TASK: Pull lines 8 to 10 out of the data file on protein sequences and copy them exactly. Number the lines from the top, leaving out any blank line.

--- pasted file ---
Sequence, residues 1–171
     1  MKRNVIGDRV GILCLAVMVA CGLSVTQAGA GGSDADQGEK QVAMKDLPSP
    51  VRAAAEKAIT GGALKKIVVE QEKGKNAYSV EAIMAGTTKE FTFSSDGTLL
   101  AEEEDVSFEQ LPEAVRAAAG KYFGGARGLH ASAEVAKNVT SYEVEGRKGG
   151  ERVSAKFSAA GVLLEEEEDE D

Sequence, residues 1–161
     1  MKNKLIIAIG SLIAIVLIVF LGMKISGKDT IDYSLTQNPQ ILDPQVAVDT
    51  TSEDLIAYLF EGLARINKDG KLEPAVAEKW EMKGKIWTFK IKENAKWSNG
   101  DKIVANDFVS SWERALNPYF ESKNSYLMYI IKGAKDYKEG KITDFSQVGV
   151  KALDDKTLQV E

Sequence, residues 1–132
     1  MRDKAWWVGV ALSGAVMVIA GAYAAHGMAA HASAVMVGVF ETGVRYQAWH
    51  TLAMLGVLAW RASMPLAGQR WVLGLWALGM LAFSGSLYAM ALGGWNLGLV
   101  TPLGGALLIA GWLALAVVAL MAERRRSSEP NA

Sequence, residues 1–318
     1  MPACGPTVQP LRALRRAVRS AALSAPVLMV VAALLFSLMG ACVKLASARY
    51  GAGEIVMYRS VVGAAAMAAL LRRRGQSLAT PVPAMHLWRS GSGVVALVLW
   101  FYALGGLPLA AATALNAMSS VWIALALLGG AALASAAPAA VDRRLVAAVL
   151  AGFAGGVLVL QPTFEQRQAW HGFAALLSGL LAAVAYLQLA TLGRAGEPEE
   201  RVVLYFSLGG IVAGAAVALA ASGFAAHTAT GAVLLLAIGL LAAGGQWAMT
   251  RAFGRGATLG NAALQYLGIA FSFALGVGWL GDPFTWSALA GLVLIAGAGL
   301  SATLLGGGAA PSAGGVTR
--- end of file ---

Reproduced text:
    51  TSEDLIAYLF EGLARINKDG KLEPAVAEKW EMKGKIWTFK IKENAKWSNG
   101  DKIVANDFVS SWERALNPYF ESKNSYLMYI IKGAKDYKEG KITDFSQVGV
   151  KALDDKTLQV E